Shortly after saying that, he hooks up with another small keeper.
“There was a good school of fish here a few weeks ago when I was out here, but this isn’t what I’m looking for,” he says.
So, Pike rigs up a swimming worm and starts to comb the scattered milfoil with it before quickly connecting with another keeper largemouth.
It only takes another cast or two before Pike loads in to one of thousands of catfish that call the Potomac home.
“I’m surprised it took this long to catch one of these dang things,” he laughs.
He makes a short move up the grass flat and goes back to work with the swim jig.
As he approaches an old waypoint, Pike locks up with another keeper. Though it’s not the size he’s looking for, he seems OK with the fact that he’s connecting with fish in places they should live.
The milfoil in the area looks gorgeous and Pike says the grass as a whole on the Potomac is making a good comeback compared to the last few years.
“Before the Potomac went off-limits, the milfoil and hydrilla were looking really good in a lot of places on the river,” he says. “You had big, thick mats of it and more consistent clumps on these flats. But what happens is the star grass starts growing around that milfoil and takes over. You can still find areas with good milfoil and hydrilla, but the fish seem more scattered now that the star grass is overrun in some of these areas.”
Though he’s not one to fish hard cover on the Potomac, Pike slides over to some docks to see what’s happening.
With a wacky-rigged Senko in hand, it doesn’t take long for Pike to hook up.
Pike skips a handful more docks, but with no takers, he slides the boat back out the grass to keep searching for a school.
After 30 minutes of launching a swim jig, Pike once again connects with a bass as Neal works his way towards his buddy. Tossing the fish back, Pike and Neal decide it’s time for a midmorning snack.
In a rush to leave the house this morning, Pike forgot his bread, so he cracks his lunch meat and dives in.
While they relax, Pike brings up what he thinks it’ll take to win the event.
“I think 16 pounds a day will win,” Pike posits. “Someone may catch a big bag on Day 1 or 2, but even in local team tournaments it’s been taking 17 to win. So, 16 a day should be the mark. It just seems like there aren’t as many big ones in the Potomac right now for whatever reason. A 4-pounder is going to be a good one out here.”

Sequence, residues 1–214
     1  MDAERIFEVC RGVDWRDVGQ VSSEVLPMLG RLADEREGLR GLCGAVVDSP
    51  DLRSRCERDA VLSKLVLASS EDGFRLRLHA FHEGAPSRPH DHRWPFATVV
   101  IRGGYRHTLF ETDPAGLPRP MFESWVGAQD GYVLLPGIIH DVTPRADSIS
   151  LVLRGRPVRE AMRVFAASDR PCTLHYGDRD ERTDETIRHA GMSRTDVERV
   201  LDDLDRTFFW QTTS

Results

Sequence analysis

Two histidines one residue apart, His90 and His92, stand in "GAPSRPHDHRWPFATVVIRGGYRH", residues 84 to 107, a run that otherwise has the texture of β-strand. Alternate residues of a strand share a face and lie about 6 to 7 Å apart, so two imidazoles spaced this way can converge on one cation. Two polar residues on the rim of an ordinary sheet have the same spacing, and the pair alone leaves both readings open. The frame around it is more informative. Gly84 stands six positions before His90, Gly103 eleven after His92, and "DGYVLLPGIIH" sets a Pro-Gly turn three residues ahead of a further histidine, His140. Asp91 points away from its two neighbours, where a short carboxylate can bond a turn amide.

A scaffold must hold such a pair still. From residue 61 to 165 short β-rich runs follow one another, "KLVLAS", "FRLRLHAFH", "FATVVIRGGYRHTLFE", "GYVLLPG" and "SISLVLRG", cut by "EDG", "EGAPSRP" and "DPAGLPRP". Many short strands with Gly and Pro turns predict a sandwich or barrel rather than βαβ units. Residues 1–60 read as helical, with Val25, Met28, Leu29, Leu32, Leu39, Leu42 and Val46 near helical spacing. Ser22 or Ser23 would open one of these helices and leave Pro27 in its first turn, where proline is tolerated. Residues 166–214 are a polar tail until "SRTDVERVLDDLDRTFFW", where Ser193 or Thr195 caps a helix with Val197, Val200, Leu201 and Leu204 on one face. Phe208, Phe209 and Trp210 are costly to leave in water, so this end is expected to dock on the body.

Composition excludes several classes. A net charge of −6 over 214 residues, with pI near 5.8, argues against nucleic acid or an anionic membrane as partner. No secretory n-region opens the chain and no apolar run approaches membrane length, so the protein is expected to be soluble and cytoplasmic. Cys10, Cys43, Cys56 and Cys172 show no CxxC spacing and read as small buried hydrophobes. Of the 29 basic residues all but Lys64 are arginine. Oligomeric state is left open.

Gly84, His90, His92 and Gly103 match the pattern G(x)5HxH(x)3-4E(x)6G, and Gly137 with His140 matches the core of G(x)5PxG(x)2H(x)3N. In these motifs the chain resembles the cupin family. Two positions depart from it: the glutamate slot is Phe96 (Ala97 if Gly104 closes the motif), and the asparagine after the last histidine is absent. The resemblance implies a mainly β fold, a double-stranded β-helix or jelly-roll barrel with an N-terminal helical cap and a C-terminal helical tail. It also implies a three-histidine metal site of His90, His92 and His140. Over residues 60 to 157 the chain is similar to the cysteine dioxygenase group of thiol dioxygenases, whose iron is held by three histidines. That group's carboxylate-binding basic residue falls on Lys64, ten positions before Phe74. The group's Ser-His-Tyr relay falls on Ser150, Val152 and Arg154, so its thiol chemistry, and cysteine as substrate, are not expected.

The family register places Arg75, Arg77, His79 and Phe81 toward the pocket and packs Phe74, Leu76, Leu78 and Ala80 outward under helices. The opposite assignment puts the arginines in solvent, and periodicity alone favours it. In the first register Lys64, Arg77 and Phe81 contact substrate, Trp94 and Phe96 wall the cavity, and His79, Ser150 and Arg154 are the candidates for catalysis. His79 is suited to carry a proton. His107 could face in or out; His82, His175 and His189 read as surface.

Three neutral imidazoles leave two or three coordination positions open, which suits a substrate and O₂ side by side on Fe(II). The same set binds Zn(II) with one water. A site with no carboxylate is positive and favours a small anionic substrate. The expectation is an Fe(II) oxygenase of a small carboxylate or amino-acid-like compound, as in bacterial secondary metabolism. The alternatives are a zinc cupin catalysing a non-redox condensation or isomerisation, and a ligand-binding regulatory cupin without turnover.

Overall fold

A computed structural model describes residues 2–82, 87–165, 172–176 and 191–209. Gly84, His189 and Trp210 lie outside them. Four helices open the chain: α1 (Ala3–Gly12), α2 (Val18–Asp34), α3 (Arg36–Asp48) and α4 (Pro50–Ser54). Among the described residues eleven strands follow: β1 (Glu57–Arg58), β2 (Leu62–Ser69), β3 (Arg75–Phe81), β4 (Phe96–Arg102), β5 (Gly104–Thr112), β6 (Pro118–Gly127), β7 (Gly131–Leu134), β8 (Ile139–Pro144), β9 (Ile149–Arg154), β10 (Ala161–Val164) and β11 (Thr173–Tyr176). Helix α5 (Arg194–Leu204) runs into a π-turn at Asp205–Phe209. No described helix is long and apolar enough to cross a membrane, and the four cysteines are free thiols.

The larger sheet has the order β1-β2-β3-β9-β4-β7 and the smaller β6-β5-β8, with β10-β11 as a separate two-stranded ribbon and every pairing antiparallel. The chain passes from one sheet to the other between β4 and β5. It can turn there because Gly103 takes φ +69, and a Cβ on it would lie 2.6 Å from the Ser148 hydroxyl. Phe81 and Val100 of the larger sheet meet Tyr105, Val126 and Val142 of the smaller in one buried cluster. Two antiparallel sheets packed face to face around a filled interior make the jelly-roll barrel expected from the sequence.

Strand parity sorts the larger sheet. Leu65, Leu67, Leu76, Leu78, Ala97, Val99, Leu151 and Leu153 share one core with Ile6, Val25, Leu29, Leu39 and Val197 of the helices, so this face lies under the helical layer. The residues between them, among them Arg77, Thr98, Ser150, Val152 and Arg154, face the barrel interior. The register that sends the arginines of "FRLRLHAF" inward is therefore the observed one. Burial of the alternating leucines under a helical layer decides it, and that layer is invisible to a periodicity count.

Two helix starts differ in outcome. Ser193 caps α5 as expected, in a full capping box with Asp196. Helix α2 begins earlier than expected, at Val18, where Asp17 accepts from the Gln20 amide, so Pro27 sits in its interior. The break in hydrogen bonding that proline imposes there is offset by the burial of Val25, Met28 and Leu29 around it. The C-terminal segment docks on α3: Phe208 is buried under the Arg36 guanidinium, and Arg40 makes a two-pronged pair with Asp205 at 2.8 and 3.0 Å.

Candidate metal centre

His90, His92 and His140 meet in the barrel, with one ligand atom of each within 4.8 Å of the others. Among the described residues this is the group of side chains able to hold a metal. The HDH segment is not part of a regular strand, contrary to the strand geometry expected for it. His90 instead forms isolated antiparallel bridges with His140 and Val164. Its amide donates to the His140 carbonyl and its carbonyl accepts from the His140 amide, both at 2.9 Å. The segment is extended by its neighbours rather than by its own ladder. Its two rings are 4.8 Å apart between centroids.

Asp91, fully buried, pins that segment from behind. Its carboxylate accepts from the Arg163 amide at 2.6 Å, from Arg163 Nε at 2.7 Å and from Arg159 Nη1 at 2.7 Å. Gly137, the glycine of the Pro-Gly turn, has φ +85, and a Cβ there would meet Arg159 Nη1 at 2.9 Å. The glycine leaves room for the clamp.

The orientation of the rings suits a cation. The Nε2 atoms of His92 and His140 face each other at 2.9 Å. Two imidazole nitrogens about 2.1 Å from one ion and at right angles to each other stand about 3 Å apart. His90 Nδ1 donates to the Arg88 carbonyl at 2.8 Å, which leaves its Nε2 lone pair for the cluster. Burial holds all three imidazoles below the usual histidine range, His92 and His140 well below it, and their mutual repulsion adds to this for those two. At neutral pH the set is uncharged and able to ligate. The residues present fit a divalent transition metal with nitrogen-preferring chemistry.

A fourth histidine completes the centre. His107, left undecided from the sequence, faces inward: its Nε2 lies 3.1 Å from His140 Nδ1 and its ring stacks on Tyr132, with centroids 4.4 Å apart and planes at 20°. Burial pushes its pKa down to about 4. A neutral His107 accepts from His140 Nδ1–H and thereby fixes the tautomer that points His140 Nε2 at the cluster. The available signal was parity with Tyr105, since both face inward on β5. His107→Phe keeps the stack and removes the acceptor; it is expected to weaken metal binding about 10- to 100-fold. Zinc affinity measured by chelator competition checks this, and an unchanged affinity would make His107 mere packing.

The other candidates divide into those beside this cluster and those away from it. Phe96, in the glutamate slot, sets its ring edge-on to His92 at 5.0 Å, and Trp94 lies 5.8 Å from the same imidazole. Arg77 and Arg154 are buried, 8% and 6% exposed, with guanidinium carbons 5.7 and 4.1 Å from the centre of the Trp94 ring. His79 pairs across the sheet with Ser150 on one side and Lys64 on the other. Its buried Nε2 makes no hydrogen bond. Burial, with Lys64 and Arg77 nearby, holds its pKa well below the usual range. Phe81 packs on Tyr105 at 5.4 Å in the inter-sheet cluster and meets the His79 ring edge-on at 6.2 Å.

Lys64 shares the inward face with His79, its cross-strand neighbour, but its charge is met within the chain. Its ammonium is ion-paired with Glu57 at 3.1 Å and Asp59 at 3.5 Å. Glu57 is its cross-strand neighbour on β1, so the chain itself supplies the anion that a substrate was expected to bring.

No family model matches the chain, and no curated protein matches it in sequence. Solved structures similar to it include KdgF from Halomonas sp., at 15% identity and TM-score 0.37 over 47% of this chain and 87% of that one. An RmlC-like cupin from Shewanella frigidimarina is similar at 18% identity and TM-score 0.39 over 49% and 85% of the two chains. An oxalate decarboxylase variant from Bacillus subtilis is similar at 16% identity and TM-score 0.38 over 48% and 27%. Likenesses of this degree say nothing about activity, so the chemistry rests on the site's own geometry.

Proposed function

With the break over, Pike and Neal part ways.
Setting down on a new grass flat, Pike thinks it may be time to tie on a vibrating jig, despite knowing he very well may catch more catfish than bass on it.
Sure enough, less than 10 casts in, he hooks into kitty No. 2 on the day.
“I knew it,” he laughs.
While he gets his bait retied, I ask him how he thinks the Potomac will fish this week.
“We’re not far enough away from the spawn, and there are probably still some fish spawning now, so I think the major spawning areas like Belmont and Chicamuxen will be big players.”
With the clock ticking past 1 o’clock, Pike decides it’s time to drop me back off at the ramp. Before I go, I ask him about how he feels about his season thus far and that he’s now competing on a place he’s actually familiar with.
“I haven’t been real happy with how my year has gone, but I can’t be mad considering I’ve never been to the first four lakes,” he admits. “But as far as this place goes, I either catch them or I don’t on the Potomac. This place changes so much year to year – unlike the James River where you know you can pull up to a brush pile and catch them. But it at least feels good to know my way around and know where I could maybe catch a bass. I was really hoping for a shot at ROY, and being 100 points back is a lot, but maybe I can make up some ground this week.”
With that, the young rookie idles back out for his final half-day of practice. He’s got a hill to climb if he’s going to reach his goals of ROY and qualifying for the TITLE, but he’s certainly on the right body of water to get some momentum going in the right direction.
Good luck, Cody.